"My opponent is lying again! Let's bring honesty and transparency back into the process!"

"We're facing a real crisis here in this country. It requires real leadership, for the real world, to bring opposing sides together to solve real problems. I am the real candidate!"

"I represent everybody in this great nation! Choose freedom. Choose democracy. Choose the future!"

Human beings all over the country stood still, wearing their ear protection, pretending to pay attention. The insects couldn't be stopped, reasoned with, or exterminated. Giving the insects what they wanted was the only way to end this.

It was a cruel trick of evolution (or, some said, proof of God's sense of humor) that the mating calls of Tibicen politicus happened to be human words. The insects, of course, were not actually speaking the language or saying anything, rather just stringing words together that sounded good.

Nonetheless this correlation of language enticed the insects to look to the inhabitants of the country to choose who should mate with whom. They'd say any words, in any order, to impress people to vote for them, and not for someone else. Natural selection, ironically, dictated which random words were most likely to receive votes, so these days the insects pretty much all said the same things.

Life stopped while the insects campaigned. School was shut down, nobody worked, nobody talked to one another. The sound of their calls was so loud it was impossible to hear anything else. The insects didn't need sleep, didn't need to eat, and their mating calls shattered the sky day and night. The campaigning continued for weeks and weeks.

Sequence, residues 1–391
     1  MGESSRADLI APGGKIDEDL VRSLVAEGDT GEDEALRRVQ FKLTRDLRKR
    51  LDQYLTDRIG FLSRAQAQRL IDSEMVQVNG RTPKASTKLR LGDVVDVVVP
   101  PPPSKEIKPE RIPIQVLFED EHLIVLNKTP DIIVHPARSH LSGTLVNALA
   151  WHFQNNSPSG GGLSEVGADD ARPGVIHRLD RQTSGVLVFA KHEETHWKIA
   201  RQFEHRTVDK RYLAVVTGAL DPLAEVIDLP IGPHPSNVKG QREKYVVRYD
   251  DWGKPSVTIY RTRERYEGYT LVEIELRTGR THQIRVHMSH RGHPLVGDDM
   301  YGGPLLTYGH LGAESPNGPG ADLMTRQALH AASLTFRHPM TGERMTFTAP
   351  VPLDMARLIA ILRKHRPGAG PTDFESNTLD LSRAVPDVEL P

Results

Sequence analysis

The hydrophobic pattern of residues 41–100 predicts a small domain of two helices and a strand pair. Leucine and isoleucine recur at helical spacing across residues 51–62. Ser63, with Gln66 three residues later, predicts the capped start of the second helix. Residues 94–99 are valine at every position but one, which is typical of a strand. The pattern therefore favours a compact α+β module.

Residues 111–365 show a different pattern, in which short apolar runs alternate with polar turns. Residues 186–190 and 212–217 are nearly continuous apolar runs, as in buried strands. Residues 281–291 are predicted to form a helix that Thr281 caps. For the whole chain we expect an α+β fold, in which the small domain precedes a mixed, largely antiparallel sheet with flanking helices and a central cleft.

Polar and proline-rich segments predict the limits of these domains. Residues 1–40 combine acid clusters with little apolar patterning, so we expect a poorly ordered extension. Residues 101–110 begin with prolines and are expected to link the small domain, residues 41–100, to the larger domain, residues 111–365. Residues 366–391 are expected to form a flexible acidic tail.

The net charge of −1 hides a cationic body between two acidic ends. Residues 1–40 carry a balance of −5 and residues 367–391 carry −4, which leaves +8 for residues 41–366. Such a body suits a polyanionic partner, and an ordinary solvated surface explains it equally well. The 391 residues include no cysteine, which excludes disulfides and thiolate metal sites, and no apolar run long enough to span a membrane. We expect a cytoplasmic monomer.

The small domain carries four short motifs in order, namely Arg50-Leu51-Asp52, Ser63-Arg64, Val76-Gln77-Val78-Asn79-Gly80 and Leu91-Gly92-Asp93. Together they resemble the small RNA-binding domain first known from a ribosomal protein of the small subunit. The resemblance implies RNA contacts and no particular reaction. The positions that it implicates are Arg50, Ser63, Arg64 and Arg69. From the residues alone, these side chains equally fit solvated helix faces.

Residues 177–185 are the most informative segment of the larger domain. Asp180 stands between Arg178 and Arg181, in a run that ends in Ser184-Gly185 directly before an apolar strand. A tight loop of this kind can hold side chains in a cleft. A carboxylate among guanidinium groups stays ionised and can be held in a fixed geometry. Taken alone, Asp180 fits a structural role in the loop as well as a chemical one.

"My opponent wants to raise your taxes! I don't! I want to lower them!"

"I am for the middle class! I am for education! I am for jobs!"

"We must achieve positive results! We must fight for our right to move forward!"

"The electorate cares about ideals! People are smart, I know they are, so they will make the right choice for freedom!"

Weeks turned into many long months of debate. Finally the day came to cast votes for the cicadas. It was never that simple. There were always problems with the antiquated voting system and recounts were common, but somehow everyone muddled through the process and victors were chosen.

Satisfied, the cicadas took to the sky, the elected ones pairing up and the losers trying to squeeze in. The noises they made were loud enough to crack the moon, and they continued for days. After mating, the cicadas laid their eggs in the surviving trees and flew off to some unknown region where they probably shed their exoskeletons and died. Nobody bothered to follow them after the election.

Finally, men, women and children all over the country removed their ear protection and started conversing again. The family of four resumed their lives, relieved to be able to hear themselves think again. They tried not to dread the next hatching cycle.

People had proposed finding out what would happen if they refused to participate, but nobody dared try it. The citizens feared the insects would campaign forever if they were ignored. Other measures were proposed, but everyone was too used to the system to try changing it now.

 2012 James Steele. Do not reprint or alter.

Tuesday, October 2, 2012

New story, new anthology!

The man stood in the middle of the bonsai valley. Miniature redwoods, birch, sycamore and every other species surrounded him in the valley, reaching no higher than his waist. Between these were even tinier bushes and shrubs. The flowers that grew on them were miniscule to match. He felt like a giant.

The man was bruised, bloody and caked in mud. He masturbated. He planted his seed, and now the man stood exhausted. He had planted his seed all over the valley and had nothing left in him now. He collapsed and slowly died of starvation, content that he had succeeded...

New story released in the anthology from Bizarro Press:

"Life Cycle" is mine!

Originally written for Nicole Cushing's How to Eat Fried Furries short story contest, I had high hopes it would win. It didn't, but it found a home in Tall Tales with Short Cocks volume 2! Very proud of this one. Definitely one of my stranger stories, not for the casual reader, but perfect for those who like weirdness to be extreme. Check it out!